The key proposition in the economic argument for patent laws is the third one, that patent laws increase the return on innovation, so we will address it at some length. The return on innovation is similar to the return on most investments in the world of production, namely a stream of future income payments. The satisfaction of creating something new and useful for one's fellow man is also valuable to many innovators, but certainly the major portion of the return is the money that will come in, either by directly selling the new product or selling information about a new production technique to others who will in turn sell the product.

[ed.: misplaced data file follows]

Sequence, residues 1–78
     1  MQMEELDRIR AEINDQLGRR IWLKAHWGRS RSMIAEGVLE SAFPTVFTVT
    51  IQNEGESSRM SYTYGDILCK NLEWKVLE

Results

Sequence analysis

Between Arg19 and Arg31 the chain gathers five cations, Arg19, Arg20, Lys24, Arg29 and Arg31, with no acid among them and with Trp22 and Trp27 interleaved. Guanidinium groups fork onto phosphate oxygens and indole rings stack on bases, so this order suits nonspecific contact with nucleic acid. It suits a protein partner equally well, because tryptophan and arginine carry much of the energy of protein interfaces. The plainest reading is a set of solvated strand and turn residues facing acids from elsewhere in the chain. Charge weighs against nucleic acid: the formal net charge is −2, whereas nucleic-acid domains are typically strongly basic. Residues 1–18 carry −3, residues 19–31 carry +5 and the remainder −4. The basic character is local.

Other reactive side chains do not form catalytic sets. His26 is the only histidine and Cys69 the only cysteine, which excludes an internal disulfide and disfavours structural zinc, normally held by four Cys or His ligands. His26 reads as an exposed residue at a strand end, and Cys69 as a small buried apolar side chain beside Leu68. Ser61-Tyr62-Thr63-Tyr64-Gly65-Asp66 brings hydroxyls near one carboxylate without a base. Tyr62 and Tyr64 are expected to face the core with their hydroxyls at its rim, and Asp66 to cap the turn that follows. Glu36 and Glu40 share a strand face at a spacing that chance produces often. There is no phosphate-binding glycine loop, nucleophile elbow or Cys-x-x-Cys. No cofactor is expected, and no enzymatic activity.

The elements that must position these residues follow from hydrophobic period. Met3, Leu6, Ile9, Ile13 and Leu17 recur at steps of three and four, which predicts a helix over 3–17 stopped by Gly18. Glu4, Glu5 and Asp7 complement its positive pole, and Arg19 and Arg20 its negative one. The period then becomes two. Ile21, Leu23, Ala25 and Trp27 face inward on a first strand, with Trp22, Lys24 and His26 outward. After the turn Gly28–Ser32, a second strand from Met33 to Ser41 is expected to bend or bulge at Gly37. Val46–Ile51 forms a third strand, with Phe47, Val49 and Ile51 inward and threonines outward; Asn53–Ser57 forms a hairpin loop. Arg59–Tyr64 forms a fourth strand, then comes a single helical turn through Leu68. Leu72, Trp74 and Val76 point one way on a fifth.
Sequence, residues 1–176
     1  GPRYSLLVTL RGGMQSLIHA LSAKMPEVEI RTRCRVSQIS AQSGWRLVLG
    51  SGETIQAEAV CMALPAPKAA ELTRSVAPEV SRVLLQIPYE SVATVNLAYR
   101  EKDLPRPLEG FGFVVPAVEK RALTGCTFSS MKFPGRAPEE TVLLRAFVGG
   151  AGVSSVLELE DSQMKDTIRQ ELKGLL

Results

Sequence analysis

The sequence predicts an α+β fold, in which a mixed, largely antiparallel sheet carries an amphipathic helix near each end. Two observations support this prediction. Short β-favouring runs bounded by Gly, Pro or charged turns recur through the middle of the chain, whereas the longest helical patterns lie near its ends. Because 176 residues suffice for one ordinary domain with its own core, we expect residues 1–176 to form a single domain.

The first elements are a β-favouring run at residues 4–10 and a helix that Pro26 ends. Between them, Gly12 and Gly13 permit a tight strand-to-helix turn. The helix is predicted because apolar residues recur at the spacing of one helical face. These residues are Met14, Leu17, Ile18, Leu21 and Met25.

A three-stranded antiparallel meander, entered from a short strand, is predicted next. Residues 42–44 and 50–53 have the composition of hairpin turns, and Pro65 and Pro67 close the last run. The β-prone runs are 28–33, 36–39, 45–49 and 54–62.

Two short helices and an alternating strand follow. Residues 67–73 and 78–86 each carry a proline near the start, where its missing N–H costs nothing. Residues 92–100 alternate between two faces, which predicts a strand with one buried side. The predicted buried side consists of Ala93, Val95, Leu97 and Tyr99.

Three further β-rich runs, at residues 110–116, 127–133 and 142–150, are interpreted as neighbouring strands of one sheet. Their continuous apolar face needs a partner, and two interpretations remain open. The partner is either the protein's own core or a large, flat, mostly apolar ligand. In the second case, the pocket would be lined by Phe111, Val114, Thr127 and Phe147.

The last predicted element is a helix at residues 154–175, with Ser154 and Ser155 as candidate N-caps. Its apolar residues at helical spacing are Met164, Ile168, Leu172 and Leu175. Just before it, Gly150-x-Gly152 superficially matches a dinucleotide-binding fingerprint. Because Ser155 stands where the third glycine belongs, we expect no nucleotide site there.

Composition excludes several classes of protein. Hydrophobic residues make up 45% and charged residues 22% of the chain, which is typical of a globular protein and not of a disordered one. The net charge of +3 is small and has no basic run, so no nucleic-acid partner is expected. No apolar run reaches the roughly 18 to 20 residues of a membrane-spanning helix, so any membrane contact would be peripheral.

Importantly, though, the return that an innovator expects to receive is not measured solely in the amount of money he expects his innovation to generate. He also must consider how likely it is that he, and not someone else, will get that money. If he is the only one able to produce the new good, he will take in all of the proceeds from its sale. If, however, other people can copy his innovation and produce the good themselves, our innovator becomes just one of many sellers in a competitive market, and he may get only a tiny fraction of the future revenues. Here is how Frank Knight put it in Part III, Chapter XI, paragraph 46 of Risk, Uncertainty and, Profit (1921):